July 3, 2014

Tom Pynchon’s Liquor Cabinet documents the booze in Thomas Pynchon’s novels



The next round of Vodka with milk, with canned vegetable soup, with watermelon juice is on me.

Books inspire books; books inspire blogs; blogs inspire blogs; and blogs inspired by books inspire books, which then become movies. The most recent mutation of the “Julie/Julia”-type online literary project is “Tom Pynchon’s Liquor Cabinet,” one man’s ambitious attempt to drink his way through “every drink in every Pynchon novel.”

The blog, which launched in May, is a no-frills encyclopedia of booze. Images of Thomas Pynchon’s nine books lead to a list of every drink mentioned in said book, page number, and a link to Drunk Pynchon blogger’s (as dubbed by The Guardian) “review” of said drink.

Of the six books Drunk Pynchon blogger has annotated, there are 124 drinks mentioned, ranging from “1911 Hochheimer” (Gravity’s Rainbow, 652) to “Vodka with milk, with canned vegetable soup, with watermelon juice” (V., 18). Needless to say, the blogger hasn’t gotten very far yet. Nor has he been so adventuresome, pursuing Tequila Sunrise (Bleeding Edge, 77) in lieu of “A glazed jug of some liquid brain damage flavored with dill and coriander and distilled… from oatmeal” (Gravity’s Rainbow, 568).

Like any effort in the vein of post-modern author reverence, the Drunk Pynchon blog is born out of both frivolity and earnestness. The fact that Pynchon’s oeuvre resembles an encyclopedia of obscure cocktails and absurdist concoctions is the very type of postmodernist technique that must drive formalists crazy. Whether the author intended the taste of a certain drink to play an integral part in the “meaning” of a passage, or whether his specificity is merely out of entropic play, is unknowable.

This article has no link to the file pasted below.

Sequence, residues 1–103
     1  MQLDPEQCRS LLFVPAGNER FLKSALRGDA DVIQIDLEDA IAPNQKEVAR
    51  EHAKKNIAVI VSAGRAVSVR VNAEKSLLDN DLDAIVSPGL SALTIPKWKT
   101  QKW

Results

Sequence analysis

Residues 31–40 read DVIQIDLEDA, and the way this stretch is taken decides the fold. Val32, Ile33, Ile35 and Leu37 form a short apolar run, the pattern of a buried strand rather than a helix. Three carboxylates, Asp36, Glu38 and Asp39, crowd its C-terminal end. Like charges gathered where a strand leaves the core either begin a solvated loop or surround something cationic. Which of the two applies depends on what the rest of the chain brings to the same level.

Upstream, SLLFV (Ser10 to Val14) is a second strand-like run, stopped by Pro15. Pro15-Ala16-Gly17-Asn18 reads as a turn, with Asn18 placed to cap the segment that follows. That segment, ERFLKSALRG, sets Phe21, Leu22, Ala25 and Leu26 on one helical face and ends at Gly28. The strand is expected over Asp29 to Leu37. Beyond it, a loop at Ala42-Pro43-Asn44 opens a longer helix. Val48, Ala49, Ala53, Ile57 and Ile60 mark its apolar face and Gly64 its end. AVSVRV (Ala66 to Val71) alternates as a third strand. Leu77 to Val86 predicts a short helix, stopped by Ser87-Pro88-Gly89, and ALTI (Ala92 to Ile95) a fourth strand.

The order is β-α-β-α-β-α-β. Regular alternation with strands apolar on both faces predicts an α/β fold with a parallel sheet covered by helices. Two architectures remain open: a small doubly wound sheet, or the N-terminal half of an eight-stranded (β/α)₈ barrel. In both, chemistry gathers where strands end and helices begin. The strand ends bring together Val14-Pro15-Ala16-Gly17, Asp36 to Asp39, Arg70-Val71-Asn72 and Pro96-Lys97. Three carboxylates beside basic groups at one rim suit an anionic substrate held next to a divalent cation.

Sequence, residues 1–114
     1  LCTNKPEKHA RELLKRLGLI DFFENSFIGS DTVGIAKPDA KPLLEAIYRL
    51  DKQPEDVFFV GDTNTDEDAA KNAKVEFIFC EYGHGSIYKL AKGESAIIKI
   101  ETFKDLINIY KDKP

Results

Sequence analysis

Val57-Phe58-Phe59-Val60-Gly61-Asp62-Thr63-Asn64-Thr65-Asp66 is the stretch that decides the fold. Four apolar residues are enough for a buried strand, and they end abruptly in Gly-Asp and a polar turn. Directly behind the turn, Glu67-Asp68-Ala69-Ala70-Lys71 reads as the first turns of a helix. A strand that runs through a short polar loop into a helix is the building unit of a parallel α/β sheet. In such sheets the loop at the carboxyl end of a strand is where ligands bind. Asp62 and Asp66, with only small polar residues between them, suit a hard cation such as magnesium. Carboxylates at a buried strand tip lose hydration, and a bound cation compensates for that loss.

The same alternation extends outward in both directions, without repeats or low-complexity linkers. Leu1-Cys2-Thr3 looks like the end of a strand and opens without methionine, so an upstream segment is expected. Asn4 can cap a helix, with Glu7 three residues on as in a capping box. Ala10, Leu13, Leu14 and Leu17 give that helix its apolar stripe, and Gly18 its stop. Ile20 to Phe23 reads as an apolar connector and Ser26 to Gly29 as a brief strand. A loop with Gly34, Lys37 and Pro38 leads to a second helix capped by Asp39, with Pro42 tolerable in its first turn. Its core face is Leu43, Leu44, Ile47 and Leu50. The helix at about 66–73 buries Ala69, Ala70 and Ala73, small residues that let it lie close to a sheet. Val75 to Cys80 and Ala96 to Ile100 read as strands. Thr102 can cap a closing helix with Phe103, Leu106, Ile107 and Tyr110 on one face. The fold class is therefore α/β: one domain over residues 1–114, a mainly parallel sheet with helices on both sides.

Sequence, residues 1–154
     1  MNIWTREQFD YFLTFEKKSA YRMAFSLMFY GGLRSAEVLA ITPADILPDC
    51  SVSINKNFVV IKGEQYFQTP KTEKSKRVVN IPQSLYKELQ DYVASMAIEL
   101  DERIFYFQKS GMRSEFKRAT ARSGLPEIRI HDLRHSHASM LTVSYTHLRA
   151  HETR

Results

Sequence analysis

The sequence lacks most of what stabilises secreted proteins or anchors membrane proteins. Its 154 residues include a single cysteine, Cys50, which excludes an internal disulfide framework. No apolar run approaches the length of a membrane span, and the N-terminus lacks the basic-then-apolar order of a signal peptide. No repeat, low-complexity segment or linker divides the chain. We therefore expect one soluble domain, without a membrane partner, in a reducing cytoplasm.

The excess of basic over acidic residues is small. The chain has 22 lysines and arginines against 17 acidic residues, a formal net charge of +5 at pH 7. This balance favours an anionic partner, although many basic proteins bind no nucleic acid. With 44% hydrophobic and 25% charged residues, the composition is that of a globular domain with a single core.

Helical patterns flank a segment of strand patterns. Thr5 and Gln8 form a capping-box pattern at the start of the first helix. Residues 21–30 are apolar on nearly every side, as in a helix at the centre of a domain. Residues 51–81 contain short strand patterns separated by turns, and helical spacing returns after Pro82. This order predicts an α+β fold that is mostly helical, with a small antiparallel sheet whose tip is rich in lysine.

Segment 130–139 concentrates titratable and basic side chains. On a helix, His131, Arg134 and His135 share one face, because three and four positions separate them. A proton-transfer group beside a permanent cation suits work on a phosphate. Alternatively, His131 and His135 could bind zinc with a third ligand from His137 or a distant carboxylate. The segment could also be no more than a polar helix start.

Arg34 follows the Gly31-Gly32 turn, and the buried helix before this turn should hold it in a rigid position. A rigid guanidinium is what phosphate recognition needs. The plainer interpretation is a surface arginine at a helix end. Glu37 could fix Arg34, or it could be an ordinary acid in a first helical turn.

Given Pynchon’s aversion to speaking to the press, the reader is unlikely to find any sort of formal explanation. Of course, the mystery surrounding Pynchon is integral to his standing as a sort of mythic figure in contemporary literature, and certainly gives appeal to dissecting his work by any means necessary. At face value then, Drunk Pynchon’s project seems to simply be the latest in a series of artificial and absurdist efforts at accessing the inaccessible author himself—not Thomas Pynchon, but “Tom.” The Guardian writes about the blog:

It’s the sort of project only Thomas Pynchon can inspire—the author whose devoted fans hold an annual Pynchon in Public day, have created a huge playlist of songs mentioned in Inherent Vice and extensively, obsessively annotated his books.

For his part, the Drunk Pynchon blogger does not seem to be tasting his way through Pynchon’s catalogue in order to provide some richer, synesthesia-induced reading of Pynchon’s work. Nor does he adopt the pseudo-intellectual Frat-boy tone you might expect from someone embarking on such a, um, indulgent project. His posts consist mainly of a description of the flavor, a brief mention of textual context, and a photo of the drink, typically next to the respective book cover or open page. He enthusiastically encourages any reader to alert him if he’s missed a drink in any of the books. He even invited readers over for Beaujolais when his blog started to get popular.

Drunk Pynchon blogger is not sipping his way through the books in order, but rather swigging all over the place, skipping between chapters and books and enjoying the palette-driven experimentalism of it all. For a postmodern author, that methodology seems wholly appropriate.